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PASSAGE STUDY: DON'T MISS THE MOMENTS



In an attempt to make the navigation of the reading as easy as possible, all of the verses have been pulled from www.biblegateway.com and linked appropriately so that you can simply click highlighted words and be taken directly to the verse.

 

To begin, click the link below to read the passage that we will be diving into and studying together this month.


THE SERMON ON THE MOUNT


 
  • Key Verse: Seeing the crowds, he went up on the mountain, and when he sat down, his disciples came to him.

  • Matthew 5:1

  • Author: Matthew the Tax Collector; One of Jesus' Disciples

  • Date Written: AD 58-68

  • Genre: Gospel

  • Purpose: The Gospel of Matthew tells a story of God's redemption through Jesus, as it relates to Jewish Christians. It brings to light Jesus' fulfillment of the Scriptures as the long-awaited promised Messiah.

 

The Sermon on the Mount begins in chapter 5 of the Gospel of Matthew and is the first of five profound speeches delivered by Jesus. While most do not miss the importance of the red letters of Jesus in the New Testament, we may fail to see them in light of the events that preceded them.


Not only has this been the case for my own personal Bible study time, but it has also been the case in how I have approached other events in my life. Prior events are often indicative of what is to come. Though we may not recognize it at that moment, those events lay the foundation and the groundwork for what comes next. With this understanding when we arrive at new stages, we can then reflect on them through the lens of the past, gaining a deeper understanding of the purpose of our experiences. These revelations then help us to navigate what comes next with greater confidence than before.


What about you? Do find background information to be pertinent and foundational to how you move forward? Do you jump in headfirst without the first bit of knowledge of how to approach the moments of your life? Would you begin a relationship with a person without having at least some degree of information about the character, personality, or expectations of the other? Would you accept a job prior to seeing the requirements? Could you begin a class without reading the syllabus? And have you ever decided to bake a cake without checking to see if you have the necessary ingredients? While maybe I have attempted to approach situations like this in my life more than a time or two –I can promise you that the result was less than desirable. What I instead have found over and over again is that the significance and importance of moments are often deeply rooted in the events that preceded them.


While I acknowledge the significance of the circumstances I mentioned earlier, at the same time I recognize that none have compared to the utmost importance of understanding and accurately interpreting God's Words to us. Whether these words were spoken to us through the prophets of the Old Testament or through His Son Jesus, every single one is inspired by God and was intended for His Children. And from beginning to end they all work together to form the big picture of God’s redemptive plan for all of humanity through the life, death, burial, and resurrection of his Son Jesus.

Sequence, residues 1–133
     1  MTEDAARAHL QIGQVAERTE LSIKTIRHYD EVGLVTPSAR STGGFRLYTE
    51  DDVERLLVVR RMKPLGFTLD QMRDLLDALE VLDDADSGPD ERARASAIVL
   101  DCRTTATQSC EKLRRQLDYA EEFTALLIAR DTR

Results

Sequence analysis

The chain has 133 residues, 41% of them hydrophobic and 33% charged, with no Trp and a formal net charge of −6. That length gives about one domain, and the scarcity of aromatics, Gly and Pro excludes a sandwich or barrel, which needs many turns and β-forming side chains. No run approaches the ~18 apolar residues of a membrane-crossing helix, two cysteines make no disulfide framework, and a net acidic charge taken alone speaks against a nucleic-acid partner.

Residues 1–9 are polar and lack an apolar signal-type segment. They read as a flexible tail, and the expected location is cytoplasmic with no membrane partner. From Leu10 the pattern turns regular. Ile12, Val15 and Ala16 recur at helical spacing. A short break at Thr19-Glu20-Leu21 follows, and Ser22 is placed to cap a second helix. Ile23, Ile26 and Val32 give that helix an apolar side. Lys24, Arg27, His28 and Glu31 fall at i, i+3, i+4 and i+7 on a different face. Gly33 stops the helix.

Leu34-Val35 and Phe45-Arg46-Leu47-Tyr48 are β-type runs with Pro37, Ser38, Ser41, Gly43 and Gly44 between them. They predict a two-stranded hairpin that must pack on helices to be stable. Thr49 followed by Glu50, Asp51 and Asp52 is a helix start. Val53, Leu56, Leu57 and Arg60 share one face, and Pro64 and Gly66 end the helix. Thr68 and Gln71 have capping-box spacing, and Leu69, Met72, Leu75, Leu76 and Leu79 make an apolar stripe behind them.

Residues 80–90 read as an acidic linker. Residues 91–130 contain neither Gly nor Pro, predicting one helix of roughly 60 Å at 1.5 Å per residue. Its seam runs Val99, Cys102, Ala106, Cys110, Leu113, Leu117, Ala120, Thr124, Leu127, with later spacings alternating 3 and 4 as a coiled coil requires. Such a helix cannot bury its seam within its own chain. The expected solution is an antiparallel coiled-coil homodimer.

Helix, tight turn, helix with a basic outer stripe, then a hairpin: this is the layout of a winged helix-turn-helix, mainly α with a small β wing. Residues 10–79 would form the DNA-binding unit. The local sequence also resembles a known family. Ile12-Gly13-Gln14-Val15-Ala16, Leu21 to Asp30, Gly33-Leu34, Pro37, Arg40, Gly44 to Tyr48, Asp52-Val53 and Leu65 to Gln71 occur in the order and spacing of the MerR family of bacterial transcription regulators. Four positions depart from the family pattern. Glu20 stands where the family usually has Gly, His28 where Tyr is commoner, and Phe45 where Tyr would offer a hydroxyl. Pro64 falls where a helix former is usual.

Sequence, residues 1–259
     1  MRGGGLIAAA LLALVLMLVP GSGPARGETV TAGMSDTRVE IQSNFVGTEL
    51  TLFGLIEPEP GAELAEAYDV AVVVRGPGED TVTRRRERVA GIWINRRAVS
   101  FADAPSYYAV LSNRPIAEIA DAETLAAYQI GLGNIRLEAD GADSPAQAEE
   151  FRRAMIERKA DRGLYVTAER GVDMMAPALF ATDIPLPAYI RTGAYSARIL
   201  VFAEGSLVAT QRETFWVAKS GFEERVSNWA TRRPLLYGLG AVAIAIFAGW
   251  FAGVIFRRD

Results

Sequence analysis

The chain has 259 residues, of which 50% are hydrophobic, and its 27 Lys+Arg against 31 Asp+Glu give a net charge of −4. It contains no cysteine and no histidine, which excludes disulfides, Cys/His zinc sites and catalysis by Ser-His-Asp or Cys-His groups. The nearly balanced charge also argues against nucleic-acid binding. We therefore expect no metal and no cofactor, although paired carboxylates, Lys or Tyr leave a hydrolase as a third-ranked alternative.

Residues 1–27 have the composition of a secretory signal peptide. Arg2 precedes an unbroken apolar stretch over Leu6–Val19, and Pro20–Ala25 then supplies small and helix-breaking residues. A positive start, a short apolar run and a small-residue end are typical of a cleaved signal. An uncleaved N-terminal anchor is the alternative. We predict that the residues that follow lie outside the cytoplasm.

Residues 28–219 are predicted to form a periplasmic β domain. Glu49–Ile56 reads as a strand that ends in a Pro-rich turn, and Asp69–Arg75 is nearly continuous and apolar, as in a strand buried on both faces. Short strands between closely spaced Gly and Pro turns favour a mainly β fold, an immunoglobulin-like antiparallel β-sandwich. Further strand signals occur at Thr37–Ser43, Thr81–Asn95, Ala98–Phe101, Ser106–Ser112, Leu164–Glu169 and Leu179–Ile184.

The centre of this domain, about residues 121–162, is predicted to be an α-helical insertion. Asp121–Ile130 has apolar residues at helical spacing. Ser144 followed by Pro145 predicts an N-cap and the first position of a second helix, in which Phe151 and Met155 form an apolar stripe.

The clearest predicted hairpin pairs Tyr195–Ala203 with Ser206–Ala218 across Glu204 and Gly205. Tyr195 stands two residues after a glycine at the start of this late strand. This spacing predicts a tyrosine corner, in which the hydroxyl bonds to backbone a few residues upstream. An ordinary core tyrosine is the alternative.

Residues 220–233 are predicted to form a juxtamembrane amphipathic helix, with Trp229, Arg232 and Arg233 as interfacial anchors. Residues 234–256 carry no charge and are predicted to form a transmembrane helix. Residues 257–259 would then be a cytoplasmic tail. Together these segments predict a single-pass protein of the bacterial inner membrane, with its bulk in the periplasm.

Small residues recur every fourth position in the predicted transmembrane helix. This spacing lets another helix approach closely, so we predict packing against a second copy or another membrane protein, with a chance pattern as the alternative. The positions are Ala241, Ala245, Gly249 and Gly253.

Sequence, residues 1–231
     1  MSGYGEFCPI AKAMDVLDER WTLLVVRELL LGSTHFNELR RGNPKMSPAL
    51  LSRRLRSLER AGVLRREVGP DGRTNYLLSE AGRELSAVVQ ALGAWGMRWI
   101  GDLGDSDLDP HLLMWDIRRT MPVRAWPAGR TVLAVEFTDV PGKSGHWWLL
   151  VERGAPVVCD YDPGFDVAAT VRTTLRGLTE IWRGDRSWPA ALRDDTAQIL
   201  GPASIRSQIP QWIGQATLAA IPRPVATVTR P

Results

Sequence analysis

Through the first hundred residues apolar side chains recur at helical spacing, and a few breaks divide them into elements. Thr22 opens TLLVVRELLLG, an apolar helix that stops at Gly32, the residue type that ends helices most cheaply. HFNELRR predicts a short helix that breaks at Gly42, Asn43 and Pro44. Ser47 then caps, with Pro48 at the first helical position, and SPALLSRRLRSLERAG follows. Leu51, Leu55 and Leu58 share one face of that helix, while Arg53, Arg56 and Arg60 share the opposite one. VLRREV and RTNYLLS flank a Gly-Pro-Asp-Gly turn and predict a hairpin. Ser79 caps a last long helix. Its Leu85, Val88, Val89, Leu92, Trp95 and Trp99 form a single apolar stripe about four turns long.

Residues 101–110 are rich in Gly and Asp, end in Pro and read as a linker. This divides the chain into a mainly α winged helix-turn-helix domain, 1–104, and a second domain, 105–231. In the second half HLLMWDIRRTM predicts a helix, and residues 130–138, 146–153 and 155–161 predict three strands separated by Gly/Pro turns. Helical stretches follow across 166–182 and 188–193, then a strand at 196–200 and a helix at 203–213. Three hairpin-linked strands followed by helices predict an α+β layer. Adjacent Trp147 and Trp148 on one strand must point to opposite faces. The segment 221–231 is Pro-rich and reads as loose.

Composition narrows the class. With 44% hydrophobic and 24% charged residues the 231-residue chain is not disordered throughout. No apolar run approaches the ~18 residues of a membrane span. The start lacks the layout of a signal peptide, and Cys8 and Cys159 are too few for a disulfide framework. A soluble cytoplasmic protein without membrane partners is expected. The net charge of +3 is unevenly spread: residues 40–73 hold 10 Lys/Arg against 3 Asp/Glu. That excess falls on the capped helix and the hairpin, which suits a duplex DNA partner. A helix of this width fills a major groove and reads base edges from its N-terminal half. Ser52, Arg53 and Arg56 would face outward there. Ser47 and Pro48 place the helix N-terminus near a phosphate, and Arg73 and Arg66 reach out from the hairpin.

We do not have to read far into the Sermon on the Mount beginning in chapter 5 of Matthew’s Gospel to see the apparent substance contained within. These two chapters are devoted to Jesus’ teachings on what the hearts and lives of His followers should look like. It is here that we learn what it means to live righteous before God and furthermore how and why this is what we are called to. Practicality and well as theology are both elements of this sermon, however, the legalistic nature is nonexistent. Instead, the centrality of this message was and is still meant to produce righteousness in the hearts of His followers that would never be fulfilled through law or rule. This message depicted a heart change, a transformation not simply by way of actions and behavior but more importantly of one’s inner heart. This transformation of self was produced because of the alignment and devotion of our hearts to God. And with this committed heart, righteousness is now produced because of our faith in Jesus and His free gift of grace through Salvation. This righteousness is from no other source than our absolute and complete reliance on the transformative power of Jesus living in us.


And while I see and agree with the absolute necessity and gift of this knowledge for our lives, the verse that begins this passage as well as the many that precede it, offer us a depth of knowledge that enlightens us with a deeper significance and meaning to these two chapters. The first verse of this passage reads: